Tara is a contributing writer at the Orlando Sentinel and has spoken about various real estate topics on Fox News.


Jason

“It’s a phase.”

That was Jason’s dad’s response when Jason told his dad he was going to law school – a predictable reaction, since Jason’s undergraduate degree was in Animal Science (pre-veterinary medicine).  Even more startling to his dad: Jason had already studied for and taken the entrance exam, applied to law schools, and secured acceptance and student loans before ever telling his dad about his plan.  More than 20 years later, his dad has long-since come around to the idea that he was meant to do this.

Jason believes there are two types of litigators—problem creators and problem solvers—and Jason is a problem solver. For his clients, that means looking for ways to achieve their goals in the most efficient, cost-effective way. Recognizing that there is a bit of an inherent tension in being a litigator, as often, the better you are at your job, the better you are at taking work off your own plate, Jason often jokes with his clients that “While I am all about the ‘Jason Johnson Full-Employment Program,’ it may not be in your best interests to implement that program, and it is your interests that must control.”  It is the creativity required to be a problem solver that is one of the reasons he most enjoys litigation.  Opponents who mistake his professionalism and reasonableness for weakness, though, do so at their peril, as being a problem solver and a zealous advocate are not mutually exclusive traits.

Jason is Board Certified in Business Bankruptcy by the American Board of Certification. He is a commercial litigator and the senior member of the firm’s Bankruptcy & Restructuring and Creditors' Rights practices. Jason represents commercial lending institutions, REITs, hedge funds, equity groups, financial services corporations, equipment lessors, commercial landlords, real estate developers, asset purchasers, and other secured and unsecured creditors in federal and state court matters throughout the State of Florida. His extensive experience in all aspects of bankruptcy, commercial foreclosure and workout proceedings have ranged to cases involving client assets exceeding $50-billion-dollars and claims exceeding $1-billion-dollars.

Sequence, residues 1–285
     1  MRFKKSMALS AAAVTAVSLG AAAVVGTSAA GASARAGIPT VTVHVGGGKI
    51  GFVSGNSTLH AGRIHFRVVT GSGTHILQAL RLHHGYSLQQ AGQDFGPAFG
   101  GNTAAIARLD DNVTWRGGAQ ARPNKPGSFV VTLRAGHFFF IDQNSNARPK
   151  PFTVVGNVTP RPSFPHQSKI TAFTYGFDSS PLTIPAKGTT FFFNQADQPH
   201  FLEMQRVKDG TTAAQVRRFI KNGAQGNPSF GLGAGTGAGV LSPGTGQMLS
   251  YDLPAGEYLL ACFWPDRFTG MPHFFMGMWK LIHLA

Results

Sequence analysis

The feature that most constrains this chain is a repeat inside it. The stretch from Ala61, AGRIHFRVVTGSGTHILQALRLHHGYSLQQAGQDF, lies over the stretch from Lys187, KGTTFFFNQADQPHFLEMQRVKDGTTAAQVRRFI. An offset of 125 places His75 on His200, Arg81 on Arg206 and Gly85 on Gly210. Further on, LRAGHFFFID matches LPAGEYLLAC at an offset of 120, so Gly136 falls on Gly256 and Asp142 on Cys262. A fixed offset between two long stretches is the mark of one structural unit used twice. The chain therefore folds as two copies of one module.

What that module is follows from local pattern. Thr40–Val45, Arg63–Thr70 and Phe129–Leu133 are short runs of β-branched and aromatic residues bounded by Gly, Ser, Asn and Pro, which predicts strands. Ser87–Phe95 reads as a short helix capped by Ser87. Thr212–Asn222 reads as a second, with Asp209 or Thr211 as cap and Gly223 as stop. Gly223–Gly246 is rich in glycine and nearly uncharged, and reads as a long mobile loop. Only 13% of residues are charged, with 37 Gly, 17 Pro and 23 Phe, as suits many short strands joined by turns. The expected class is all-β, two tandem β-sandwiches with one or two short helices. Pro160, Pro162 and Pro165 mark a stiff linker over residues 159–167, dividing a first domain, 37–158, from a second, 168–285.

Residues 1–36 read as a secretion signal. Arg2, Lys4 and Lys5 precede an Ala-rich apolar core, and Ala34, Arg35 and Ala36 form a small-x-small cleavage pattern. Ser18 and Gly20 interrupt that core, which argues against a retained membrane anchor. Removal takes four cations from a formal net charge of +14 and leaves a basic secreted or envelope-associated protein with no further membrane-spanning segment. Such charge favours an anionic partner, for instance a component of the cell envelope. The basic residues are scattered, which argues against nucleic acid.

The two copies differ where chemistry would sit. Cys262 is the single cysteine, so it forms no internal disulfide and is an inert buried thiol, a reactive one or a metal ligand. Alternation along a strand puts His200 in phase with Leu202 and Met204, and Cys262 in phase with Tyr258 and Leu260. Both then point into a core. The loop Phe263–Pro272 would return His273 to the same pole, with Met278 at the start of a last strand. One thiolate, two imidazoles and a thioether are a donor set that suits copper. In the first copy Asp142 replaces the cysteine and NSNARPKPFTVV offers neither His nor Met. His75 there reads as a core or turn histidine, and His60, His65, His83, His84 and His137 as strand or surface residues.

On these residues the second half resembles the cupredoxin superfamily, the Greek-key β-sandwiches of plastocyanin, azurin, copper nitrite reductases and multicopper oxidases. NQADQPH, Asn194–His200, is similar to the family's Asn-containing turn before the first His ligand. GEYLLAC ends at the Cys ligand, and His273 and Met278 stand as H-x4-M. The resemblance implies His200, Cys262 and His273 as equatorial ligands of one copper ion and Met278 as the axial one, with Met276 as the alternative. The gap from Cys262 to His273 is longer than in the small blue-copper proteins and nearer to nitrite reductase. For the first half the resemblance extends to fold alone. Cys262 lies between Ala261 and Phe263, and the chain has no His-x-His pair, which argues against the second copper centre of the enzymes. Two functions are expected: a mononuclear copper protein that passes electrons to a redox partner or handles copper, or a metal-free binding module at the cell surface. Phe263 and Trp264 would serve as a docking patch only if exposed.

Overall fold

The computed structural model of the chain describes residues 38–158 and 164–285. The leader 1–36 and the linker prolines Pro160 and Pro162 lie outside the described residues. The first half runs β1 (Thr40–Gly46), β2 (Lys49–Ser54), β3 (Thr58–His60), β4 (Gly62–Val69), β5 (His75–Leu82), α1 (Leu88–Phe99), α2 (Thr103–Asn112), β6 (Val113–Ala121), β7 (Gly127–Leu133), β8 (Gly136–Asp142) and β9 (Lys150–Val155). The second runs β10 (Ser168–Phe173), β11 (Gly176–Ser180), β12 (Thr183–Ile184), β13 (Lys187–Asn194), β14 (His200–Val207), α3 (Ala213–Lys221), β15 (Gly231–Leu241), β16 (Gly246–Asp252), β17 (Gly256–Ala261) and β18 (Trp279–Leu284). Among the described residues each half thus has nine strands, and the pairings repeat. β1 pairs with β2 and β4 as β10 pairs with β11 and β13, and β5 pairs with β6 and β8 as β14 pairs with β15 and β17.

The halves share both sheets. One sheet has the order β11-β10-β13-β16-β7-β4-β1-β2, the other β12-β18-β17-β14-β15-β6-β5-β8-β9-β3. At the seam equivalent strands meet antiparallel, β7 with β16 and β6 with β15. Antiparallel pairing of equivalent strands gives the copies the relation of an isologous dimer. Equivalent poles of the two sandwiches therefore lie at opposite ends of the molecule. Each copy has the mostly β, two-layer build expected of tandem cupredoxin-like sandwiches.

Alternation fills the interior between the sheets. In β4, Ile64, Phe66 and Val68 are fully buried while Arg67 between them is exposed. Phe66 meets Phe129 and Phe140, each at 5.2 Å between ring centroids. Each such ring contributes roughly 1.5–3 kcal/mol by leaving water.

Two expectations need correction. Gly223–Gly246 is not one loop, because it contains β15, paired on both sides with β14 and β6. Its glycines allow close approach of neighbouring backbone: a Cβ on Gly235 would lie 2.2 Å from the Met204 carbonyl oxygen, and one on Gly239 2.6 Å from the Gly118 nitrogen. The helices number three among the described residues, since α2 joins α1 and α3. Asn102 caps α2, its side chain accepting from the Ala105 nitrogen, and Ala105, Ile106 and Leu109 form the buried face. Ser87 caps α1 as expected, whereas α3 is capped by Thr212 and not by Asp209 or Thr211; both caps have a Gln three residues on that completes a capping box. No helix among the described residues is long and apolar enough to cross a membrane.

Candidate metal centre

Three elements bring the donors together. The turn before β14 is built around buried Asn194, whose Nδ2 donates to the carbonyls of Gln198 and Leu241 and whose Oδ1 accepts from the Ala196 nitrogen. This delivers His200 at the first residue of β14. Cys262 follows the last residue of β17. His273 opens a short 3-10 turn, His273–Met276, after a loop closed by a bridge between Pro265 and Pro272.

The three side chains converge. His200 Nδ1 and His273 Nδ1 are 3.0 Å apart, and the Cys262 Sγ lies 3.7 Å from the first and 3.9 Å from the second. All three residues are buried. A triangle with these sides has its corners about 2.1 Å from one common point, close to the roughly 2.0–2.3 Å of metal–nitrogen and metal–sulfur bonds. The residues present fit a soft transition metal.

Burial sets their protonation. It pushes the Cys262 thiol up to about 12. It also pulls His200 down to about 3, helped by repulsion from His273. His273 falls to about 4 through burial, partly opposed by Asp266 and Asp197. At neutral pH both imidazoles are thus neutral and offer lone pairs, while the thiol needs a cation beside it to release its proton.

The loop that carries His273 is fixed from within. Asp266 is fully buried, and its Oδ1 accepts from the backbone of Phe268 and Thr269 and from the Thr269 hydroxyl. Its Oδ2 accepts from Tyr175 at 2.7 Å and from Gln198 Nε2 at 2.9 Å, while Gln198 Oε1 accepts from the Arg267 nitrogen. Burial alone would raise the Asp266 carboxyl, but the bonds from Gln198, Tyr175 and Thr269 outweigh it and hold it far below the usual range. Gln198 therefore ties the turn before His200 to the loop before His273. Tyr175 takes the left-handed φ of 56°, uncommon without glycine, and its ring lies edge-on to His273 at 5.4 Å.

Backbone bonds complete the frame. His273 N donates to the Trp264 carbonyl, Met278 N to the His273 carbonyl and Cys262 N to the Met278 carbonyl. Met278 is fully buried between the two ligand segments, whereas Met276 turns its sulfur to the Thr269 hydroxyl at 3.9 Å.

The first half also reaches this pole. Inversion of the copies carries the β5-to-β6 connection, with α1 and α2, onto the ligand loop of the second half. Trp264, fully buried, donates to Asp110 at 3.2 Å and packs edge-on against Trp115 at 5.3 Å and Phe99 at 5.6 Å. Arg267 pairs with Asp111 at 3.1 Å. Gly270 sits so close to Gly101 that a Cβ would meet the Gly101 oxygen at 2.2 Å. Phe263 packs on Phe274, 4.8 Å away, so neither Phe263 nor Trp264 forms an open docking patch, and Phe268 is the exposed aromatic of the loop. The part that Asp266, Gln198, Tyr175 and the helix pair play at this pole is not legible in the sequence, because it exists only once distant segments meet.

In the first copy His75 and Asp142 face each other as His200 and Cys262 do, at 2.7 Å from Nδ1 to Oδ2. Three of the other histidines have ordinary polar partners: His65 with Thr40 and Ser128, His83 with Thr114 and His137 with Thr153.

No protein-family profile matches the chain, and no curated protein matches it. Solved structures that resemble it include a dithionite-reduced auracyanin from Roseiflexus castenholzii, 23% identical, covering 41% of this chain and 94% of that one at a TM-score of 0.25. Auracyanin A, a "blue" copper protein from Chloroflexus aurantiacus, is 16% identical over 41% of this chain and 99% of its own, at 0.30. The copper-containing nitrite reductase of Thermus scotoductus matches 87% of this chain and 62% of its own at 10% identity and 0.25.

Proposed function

Jason also handles “white collar” criminal matters which, not surprisingly, sometimes flow from creditors’ rights cases. Additionally, Jason is a Florida Supreme Court Certified Circuit Mediator, acting as a trusted and effective mediator to help warring parties resolve their complex commercial litigation and complex bankruptcy litigation matters.

With deep roots in Florida, Jason has developed longstanding relationships in Central Florida’s business and political circles. He began his law career as a judicial law clerk to the Honorable Arthur B. Briskman of the United States Bankruptcy Court for the Middle District of Florida. A former President and current Board member of the Central Florida Bankruptcy Law Association, Jason is a longstanding leader in the Central Florida bankruptcy bar.

When not practicing law, Jason enjoys road cycling, Gator athletics, drinking fine bourbon, and spending time with his wife and daughter. Though he grew up surfing the warm waters off the Florida coast, he is more likely to be found on any present-day vacation sliding down the snow-covered Alps than at the beach.  He is happy to discuss your legal issues, his shift from vet school to the law, or about some of his more “interesting” Animal Science experiences—just don’t ask about the latter over dinner.